Mexico City.- Sharing telecommunications infrastructure is an alternative that can reduce the digital divide in Mexico and Latin America, in a context where the radio spectrum remains at high costs, specialists recommended.
“It is sharing infrastructure; both tower infrastructure that does not need a regulatory framework that changes much, as in other key situations,” said Aitor Ezcurra Unda, General Business Director of the Inter-American Development Bank Invest (IDB).
In a press conference, the representative of the organization accused that currently Latin America, including Mexico, has enormous inequality in monetary connectivity compared to regions such as Europe and the United States.
“The digital gap that we have in Latin America and the Caribbean from a monetary point of view to bring it to the levels of digitalization in Europe or the United States is 68 billion dollars,” he said.
He argued that infrastructure sharing should occur in the public-private sector; since this type of tasks can not only be handled by companies or telephone operators.
In this sense, Ezcurra Unda recognized that some governments in the region have achieved regulatory changes, such as the case of Peru, which allowed the implementation of a connectivity project in regions highly remote from social and economic centers.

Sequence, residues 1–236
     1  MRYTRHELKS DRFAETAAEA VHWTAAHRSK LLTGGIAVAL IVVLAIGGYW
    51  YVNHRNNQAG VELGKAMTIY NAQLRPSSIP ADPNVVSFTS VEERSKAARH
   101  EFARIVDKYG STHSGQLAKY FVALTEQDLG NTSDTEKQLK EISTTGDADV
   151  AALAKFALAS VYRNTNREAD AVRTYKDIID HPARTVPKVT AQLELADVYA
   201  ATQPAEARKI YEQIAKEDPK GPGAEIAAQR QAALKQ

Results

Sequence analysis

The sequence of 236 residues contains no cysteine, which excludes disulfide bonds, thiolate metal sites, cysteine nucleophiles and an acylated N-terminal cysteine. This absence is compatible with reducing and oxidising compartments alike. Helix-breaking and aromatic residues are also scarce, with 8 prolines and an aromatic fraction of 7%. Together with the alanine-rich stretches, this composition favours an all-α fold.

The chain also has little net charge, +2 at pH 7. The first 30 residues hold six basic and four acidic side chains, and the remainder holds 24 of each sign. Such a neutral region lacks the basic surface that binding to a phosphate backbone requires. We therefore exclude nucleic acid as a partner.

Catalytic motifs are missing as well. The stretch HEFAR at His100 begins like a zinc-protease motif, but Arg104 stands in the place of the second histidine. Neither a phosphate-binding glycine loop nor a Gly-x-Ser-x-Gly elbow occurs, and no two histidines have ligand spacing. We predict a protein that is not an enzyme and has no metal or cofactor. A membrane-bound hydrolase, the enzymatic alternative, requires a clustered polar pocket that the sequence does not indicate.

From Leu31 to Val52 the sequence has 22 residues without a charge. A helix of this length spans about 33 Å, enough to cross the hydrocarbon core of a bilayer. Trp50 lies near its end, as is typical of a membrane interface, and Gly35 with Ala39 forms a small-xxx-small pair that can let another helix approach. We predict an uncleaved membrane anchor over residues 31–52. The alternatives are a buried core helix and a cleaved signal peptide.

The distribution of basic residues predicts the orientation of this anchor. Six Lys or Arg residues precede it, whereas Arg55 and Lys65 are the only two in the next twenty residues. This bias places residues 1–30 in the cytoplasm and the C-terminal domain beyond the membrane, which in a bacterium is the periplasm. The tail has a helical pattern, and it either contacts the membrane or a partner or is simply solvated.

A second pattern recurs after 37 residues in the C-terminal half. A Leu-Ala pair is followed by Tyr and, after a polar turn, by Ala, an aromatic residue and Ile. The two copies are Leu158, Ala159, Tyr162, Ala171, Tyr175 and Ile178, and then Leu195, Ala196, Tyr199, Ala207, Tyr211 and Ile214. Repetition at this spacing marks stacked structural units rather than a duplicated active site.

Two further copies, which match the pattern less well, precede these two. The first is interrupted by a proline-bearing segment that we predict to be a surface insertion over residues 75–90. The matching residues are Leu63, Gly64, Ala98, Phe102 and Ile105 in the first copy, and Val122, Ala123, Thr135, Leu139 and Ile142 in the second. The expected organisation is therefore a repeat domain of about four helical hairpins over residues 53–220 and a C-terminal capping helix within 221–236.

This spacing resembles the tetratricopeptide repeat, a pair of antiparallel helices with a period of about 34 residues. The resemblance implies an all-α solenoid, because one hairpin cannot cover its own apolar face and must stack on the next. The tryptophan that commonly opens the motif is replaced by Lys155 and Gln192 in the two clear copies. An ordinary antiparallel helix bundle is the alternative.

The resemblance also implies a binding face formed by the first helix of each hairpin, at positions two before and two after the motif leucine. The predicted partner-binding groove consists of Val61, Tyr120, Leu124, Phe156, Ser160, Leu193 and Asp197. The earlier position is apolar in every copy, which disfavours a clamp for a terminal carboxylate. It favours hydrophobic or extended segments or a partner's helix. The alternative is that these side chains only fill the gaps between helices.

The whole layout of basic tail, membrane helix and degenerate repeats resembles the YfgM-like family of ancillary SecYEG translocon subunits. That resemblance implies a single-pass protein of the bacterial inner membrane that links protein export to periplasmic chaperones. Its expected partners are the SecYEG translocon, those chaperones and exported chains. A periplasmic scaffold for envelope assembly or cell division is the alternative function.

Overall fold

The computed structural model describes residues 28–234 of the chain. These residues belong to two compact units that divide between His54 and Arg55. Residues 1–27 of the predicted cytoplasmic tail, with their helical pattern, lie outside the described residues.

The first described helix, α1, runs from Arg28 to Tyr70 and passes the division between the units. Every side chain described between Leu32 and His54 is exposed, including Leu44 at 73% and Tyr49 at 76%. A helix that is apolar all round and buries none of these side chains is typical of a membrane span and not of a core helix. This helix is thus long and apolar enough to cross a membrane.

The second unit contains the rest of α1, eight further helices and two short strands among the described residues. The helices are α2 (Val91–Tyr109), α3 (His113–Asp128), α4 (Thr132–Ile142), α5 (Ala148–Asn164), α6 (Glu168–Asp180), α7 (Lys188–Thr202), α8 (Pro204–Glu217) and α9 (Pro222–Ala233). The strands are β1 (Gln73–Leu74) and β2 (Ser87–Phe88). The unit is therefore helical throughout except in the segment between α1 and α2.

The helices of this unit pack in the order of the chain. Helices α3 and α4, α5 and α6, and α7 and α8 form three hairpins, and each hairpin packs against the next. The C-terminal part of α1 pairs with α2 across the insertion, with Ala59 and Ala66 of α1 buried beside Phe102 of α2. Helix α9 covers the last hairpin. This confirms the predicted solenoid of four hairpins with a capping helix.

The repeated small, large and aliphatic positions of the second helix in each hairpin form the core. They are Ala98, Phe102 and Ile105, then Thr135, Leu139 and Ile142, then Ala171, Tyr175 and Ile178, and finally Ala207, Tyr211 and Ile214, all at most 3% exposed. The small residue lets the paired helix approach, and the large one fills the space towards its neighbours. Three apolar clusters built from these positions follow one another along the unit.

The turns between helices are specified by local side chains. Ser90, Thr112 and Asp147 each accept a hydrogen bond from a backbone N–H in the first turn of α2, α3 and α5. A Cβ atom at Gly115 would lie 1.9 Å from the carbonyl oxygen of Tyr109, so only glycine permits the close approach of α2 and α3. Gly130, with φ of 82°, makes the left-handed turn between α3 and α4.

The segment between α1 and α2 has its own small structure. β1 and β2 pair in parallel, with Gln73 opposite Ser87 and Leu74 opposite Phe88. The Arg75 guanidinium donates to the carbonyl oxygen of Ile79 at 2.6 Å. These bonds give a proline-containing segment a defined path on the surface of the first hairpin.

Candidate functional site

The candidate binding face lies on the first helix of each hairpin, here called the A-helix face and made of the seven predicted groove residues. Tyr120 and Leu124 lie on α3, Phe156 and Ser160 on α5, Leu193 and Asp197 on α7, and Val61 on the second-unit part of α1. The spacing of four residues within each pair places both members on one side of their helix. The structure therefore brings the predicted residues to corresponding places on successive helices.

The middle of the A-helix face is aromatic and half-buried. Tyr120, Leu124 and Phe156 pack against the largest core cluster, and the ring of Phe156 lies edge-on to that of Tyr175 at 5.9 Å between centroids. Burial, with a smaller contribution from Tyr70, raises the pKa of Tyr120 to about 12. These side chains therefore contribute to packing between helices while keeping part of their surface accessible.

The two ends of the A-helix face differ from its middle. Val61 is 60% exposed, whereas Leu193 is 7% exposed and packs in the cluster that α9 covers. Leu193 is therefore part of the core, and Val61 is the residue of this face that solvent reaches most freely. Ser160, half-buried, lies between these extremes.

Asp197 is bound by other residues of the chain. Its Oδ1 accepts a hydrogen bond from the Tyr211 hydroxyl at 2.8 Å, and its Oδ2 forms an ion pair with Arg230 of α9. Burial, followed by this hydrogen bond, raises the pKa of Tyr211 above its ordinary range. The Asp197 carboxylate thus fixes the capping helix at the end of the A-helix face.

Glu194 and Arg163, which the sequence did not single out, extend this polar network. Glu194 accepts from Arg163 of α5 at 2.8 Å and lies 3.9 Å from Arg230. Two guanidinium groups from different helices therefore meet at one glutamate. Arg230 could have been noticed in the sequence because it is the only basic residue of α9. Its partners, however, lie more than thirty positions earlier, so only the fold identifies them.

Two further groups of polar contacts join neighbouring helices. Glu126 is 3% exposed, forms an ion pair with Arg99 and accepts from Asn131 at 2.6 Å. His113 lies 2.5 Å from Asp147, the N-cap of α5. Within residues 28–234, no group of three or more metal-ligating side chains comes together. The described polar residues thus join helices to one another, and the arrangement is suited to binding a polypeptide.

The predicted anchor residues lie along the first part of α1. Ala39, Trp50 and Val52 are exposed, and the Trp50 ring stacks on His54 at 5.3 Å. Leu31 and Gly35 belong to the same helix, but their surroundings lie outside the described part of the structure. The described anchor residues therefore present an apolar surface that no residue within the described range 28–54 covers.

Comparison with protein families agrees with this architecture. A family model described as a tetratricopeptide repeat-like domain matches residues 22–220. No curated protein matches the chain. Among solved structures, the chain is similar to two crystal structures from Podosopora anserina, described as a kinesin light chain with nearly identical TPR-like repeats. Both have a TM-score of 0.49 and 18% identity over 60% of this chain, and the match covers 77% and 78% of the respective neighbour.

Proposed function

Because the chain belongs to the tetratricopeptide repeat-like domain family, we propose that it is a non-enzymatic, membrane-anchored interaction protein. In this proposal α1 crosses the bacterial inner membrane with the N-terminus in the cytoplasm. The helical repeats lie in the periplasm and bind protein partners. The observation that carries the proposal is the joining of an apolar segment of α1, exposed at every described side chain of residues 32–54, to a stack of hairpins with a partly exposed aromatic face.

Teresa Gomes de Almeida, CEO of Internet para Todos, a rural mobile infrastructure company created three years ago by Telefónica del Perú, Facebook, IDB Invest and CAF, said that the project today connects people who live in areas where connectivity was complicated. to perform.
According to the Global System Association for Mobile Communications (GSMA), to date more than 230 million people in Latin America do not have internet connectivity.
The above means that this population does not have access to the opportunities that the digital world offers in educational, work and cultural terms, mostly people who live in rural locations.